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Cityscape: Volume 24 Number 3 | COVID-19 and the Housing Markets | Land Value Capture Across the Globe


The goal of Cityscape is to bring high-quality original research on housing and community development issues to scholars, government officials, and practitioners. Cityscape is open to all relevant disciplines, including architecture, consumer research, demography, economics, engineering, ethnography, finance, geography, law, planning, political science, public policy, regional science, sociology, statistics, and urban studies.

Cityscape is published three times a year by the Office of Policy Development and Research (PD&R) of the U.S. Department of Housing and Urban Development.

COVID-19 and the Housing Markets

Volume 24 Number 3

Mark D. Shroder

Michelle P. Matuga

Land Value Capture Across the Globe

Jaebeum Cho

Luis Quintanilla Tamez
Enrique Silva
Lincoln Institute

Matteo Schleicher
Rüdiger Ahrend
Andres Fuentes Hutfilter

With Assistance by:
Andrew Lombardi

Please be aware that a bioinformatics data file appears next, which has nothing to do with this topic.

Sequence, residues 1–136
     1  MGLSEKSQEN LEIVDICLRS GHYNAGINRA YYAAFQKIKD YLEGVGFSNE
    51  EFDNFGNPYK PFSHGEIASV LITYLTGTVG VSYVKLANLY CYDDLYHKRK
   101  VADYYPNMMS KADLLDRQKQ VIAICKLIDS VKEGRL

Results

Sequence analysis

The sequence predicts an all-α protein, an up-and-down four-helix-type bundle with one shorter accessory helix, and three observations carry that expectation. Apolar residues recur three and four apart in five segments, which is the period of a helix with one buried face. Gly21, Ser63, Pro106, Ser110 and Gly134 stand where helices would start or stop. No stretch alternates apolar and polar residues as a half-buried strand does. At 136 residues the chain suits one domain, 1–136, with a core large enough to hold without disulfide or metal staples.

Sena Segbedzi
Abel Schumann

Lorena Figueiredo, Independent Consultant
Vu Tran, Independent Consultant

This article contains an excerpt from the Global Compendium of Land Value Capture Policies, a publication of the OECD and the Lincoln Institute of Land Policy, and it is reprinted with their permission.

Many countries use land value capture (LVC) policies to some degree, but the instruments, methods, and results differ greatly. The implementation of LVC depends on different historical traditions, the condition of land markets, institutional capacity and experience, and constitutional and legal frameworks. For example, the history of active land policy in the Netherlands is closely linked to considerable public land holdings and municipalities’ capacity for large-scale land management (van Oosten, Witte, and Hartmann, 2018). Latin America’s long tradition of utilizing infrastructure levies and developer obligations (contribución de valorización and contribución por mejoras) can be partly attributed to historical influences of Spanish law (Henao González, 2005). Land readjustment developed in Japan and Korea after World War II, a period of rapid urbanization marked by increased demand for serviced urban land (OECD, 2022).

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